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Is the Policy Window on Cyber-Security Closing? (Opinion)

Despite appointment of a federal cyber-coordinator, have we lost momentum on achieving cyber-security initiatives?

There's been a lot of talk in the past year about how the federal government will make protecting our nation's digital infrastructure "a national security priority" and appoint a national cyber-security coordinator to orchestrate and integrate "all cyber-security policies for the government." At the same time, there have been numerous reports, proposed legislation and cyber-events that combine to highlight the growing vulnerabilities of the global IT infrastructure and susceptibility of our nation's critical infrastructure to cyber-crime and cyber-terrorism.

A year ago, there was optimism because it appeared that the Obama administration recognized the need and had new enthusiasm for tackling the nation's cyber-security policy deficiencies. But as the government continued to chug along, there seemed to be a general reluctance to move forward boldly until the nation had an appointed national cyber-security leader. Now that President Barack Obama has appointed Howard Schmidt as the nation's first cyber-czar, much needs to be done to recapture the time that has passed.

In his 1994 book, Agendas, Alternatives, and Public Policies, John Kingdon coined the term, "policy window" to describe the process of how policy issues achieve enough momentum to get traction on the government agenda. Kingdon's model addresses how the timing of a policy window opportunity depends on what he calls the "three streams model," which includes the problem stream, the policy stream and the political stream. While all three streams are important, the magic happens when the streams come together, such as a change in the problem stream (growing national cyber-security concerns) and a change in the political stream (change in presidential administration) and an issue goes from just being an idea and turns into real policy. When I think about a policy window it reminds me of the perfect storm metaphor because it's all about timing. A little too early or a little too late and you've missed the window of opportunity.

So here's the question: While there have been numerous major cyber-security incidents in the past year (far too many to list here) and we've reached the first anniversary of the new presidential administration, is the policy window on cyber-security already closing? Has the nation lost momentum? In a 2009 column for CSO Magazine, author and consultant Richard Power wrote, "Cyber-security suffers from lack of a great transformative metaphor. We need to find a 21st century vision worthy of this 21st century challenge." We continue to see cyber-events on a daily basis, so what does it take to attract enough attention to achieve some real policy momentum and take advantage of what many think is the perfect policy window? I think the answer is national leadership, and I'm hopeful Mr. Schmidt can provide the vision.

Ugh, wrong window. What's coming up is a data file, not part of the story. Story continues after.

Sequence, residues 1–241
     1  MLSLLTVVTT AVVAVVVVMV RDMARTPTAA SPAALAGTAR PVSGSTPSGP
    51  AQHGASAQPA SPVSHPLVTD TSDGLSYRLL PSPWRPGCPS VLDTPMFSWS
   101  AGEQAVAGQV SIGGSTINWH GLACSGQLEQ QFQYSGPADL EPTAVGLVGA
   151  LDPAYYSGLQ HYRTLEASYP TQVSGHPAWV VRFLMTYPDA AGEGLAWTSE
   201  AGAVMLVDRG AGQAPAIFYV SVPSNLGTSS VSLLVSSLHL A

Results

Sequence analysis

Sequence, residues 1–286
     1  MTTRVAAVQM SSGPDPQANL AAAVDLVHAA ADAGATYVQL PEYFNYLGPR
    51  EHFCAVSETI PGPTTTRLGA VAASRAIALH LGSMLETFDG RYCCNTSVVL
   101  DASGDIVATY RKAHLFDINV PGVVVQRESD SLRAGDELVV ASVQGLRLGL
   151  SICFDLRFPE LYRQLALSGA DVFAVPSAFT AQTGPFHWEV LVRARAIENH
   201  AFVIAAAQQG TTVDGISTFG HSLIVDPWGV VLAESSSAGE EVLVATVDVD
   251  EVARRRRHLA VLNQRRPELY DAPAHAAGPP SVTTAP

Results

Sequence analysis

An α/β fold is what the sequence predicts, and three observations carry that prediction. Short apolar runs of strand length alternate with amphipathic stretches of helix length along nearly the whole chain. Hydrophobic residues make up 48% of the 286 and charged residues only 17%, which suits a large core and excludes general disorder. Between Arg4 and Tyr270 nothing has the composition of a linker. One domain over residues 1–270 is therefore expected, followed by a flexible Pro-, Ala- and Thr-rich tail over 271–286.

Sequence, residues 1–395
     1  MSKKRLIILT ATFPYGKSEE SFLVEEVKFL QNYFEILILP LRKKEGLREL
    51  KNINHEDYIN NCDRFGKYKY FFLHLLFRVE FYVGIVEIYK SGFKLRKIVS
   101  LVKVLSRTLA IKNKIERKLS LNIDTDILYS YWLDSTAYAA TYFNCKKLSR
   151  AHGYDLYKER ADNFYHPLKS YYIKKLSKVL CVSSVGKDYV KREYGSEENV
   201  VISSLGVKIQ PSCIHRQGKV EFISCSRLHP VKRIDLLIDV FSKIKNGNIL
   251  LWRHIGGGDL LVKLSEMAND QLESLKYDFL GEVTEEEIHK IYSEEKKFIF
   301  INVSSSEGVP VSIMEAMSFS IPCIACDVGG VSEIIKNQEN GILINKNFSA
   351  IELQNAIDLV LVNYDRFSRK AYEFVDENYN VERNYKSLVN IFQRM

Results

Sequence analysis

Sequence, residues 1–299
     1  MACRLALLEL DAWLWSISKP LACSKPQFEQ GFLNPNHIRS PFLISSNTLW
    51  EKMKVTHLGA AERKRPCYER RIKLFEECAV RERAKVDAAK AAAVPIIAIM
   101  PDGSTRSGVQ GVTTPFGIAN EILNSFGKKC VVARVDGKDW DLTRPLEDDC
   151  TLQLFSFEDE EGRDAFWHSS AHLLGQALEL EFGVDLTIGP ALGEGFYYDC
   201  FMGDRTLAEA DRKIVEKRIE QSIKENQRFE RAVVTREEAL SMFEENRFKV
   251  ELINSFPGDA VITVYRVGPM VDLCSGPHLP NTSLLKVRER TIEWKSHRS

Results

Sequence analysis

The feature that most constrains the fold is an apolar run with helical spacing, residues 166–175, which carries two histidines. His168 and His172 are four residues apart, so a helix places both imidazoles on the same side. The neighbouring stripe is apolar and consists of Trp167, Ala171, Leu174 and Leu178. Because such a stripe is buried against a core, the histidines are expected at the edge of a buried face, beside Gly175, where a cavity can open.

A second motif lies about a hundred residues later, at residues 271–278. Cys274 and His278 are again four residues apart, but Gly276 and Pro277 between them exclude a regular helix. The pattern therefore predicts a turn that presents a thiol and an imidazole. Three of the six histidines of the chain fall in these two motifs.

In a 1998 article, political science professor Michael Howlett said, "Interest groups, think tanks, political parties and other nongovernmental actors must all operate and plan their activities in accordance with some notion of which issues are likely to emerge on government agendas and which are not." Many of us thought that the release of the Center for Strategic and International Studies report, Securing Cyberspace for the 44th President, in December 2008 met the requirements of this statement and would be the impetus for quick action.

In discussing the policy window for cyber-security action, Marcus Sachs, Verizon's executive director for national security and cyber-policy, said, "This means lots of opportunities for 'policy entrepreneurs,' those individuals who are able to take advantage of the brief window to advance initiatives and efforts that are in line with the general issue of cyber-security. It also means that those who are able to act fast stand to gain the most; those who wait might find their initiatives left behind as the window slams shut several months from now."

I'm certainly no public-policy sage, but I think the challenges of addressing our national cyber-security problem is an idea whose time has come and it seems to sync up nicely with Kingdon's thoughts on the policy window and how policymaking happens. It would be a shame if the nation missed this policy window to address our cyber-security problem, and we are counting on Mr. Schmidt to lead the charge.